In the U.S., coaster brakes have long been the norm for kids bikes (not to mention the law). Conventional wisdom has claimed that young kids don’t have the coordination required for hand brakes, and moreover, that they are downright dangerous.
Over the last few years, this mindset has begun to change. Parents have realized that coaster brakes can hinder learning, cause dangerous skidding, and add weight to already heavy kids bikes. Manufacturers of higher-end kids bikes have also started offering modification kits to allow parents to remove coaster brakes.
Here’s a comprehensive overview of the pros and cons of both coaster brakes and hand brakes, so whatever setup you choose, you can make an informed choice.
Coaster brakes vs. Hand Brakes
Any conversation about the coaster brake versus hand brake debate has to start with an overview of the law. U.S. regulations require manufacturers to outfit all “sidewalk bikes” with wheels sized 20” or less with a “foot brake” (aka coaster brake).
Fortunately, this law applies only to manufacturers/distributors, so if you as parent choose to modify the bike, there’s no problem with that. Many bike companies have begun skirting this law by selling after-market conversion kits that allow you to replace the coaster with a freewheel.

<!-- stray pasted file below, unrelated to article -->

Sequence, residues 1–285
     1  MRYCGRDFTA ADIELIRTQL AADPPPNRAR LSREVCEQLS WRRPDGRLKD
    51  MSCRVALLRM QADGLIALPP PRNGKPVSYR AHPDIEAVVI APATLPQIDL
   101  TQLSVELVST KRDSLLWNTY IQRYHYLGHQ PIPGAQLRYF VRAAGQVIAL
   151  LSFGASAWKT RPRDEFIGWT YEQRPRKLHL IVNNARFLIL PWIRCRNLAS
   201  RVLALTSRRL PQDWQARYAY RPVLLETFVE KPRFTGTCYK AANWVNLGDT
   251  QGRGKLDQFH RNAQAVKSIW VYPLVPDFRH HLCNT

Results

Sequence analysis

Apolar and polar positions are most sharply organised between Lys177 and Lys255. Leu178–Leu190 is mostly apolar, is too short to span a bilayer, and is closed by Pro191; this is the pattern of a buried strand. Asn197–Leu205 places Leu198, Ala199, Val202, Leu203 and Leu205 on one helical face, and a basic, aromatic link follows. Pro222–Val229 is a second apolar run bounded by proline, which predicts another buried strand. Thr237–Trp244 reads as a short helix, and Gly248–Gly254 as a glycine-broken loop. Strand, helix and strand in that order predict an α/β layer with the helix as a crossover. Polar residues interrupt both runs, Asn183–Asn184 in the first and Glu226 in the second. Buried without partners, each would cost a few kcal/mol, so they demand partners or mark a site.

The Coaster Brake
A coaster brake (or foot brake) allows a child to stop by pedaling backward. This is unlike a regular freewheel which allows the cyclist to backpedal freely.
The primary rationale for including a coaster brake on kids bikes is that it requires relatively little coordination to operate it. This is not the case for a hand brake which absolutely requires some skill and coaching to use properly.
The initial downside of a coaster brake comes when teaching a child to ride a bike. Kids naturally pedal backward as well as forward. With a coaster brake, however, they come to an immediate stop when backpedaling. This can be both dangerous and frustrating for a brand new rider.
Once a child has pedaling figured out, they may very well be just fine riding with a coaster brake on a sidewalk. Assuming that all kids on small bikes are just riding on the sidewalk, however, is a mistake. Many parents are looking for bikes that are suitable for riding on singletrack or at the bike park.
A coaster brake becomes increasingly challenging on hills and off-road. Coaster brakes are either off or on; there is no modulation. This causes skidding and potential crashes particularly when riding on dirt or large hills. On a mountain bike trail or at a skills park challenges such as rocks often require the rider to backpedal—something that you can’t do with a coaster.
Finally, coaster brakes are pretty heavy. They can add significant weight to a child’s bike. When you consider that a kid’s bike is already close to half of their body weight, any place where you can save weight is worth considering. A bike outfitted with handbrakes rather than a coaster can save a couple pounds.
Coaster Brake Pros:
- Requires low levels of coordination; relatively easy to learn.
- Works well in all weather conditions.
Coaster Brake Cons:
- No modulation; skidding is common.
- No backpedaling—can make learning to pedal harder, and causes problems when doing more technical riding